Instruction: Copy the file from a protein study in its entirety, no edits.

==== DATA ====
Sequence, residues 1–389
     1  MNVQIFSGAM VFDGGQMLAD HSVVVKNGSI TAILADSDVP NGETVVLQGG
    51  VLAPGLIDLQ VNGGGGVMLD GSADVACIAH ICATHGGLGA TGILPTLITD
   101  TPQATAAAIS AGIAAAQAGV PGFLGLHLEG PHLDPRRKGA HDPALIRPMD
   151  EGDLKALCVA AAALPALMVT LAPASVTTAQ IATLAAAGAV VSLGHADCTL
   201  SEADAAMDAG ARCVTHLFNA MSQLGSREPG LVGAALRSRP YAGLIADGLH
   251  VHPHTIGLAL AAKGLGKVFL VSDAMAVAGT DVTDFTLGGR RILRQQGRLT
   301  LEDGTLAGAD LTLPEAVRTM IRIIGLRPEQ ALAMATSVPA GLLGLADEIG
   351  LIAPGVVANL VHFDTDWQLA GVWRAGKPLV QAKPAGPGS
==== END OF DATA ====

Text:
Sequence, residues 1–389
     1  MNVQIFSGAM VFDGGQMLAD HSVVVKNGSI TAILADSDVP NGETVVLQGG
    51  VLAPGLIDLQ VNGGGGVMLD GSADVACIAH ICATHGGLGA TGILPTLITD
   101  TPQATAAAIS AGIAAAQAGV PGFLGLHLEG PHLDPRRKGA HDPALIRPMD
   151  EGDLKALCVA AAALPALMVT LAPASVTTAQ IATLAAAGAV VSLGHADCTL
   201  SEADAAMDAG ARCVTHLFNA MSQLGSREPG LVGAALRSRP YAGLIADGLH
   251  VHPHTIGLAL AAKGLGKVFL VSDAMAVAGT DVTDFTLGGR RILRQQGRLT
   301  LEDGTLAGAD LTLPEAVRTM IRIIGLRPEQ ALAMATSVPA GLLGLADEIG
   351  LIAPGVVANL VHFDTDWQLA GVWRAGKPLV QAKPAGPGS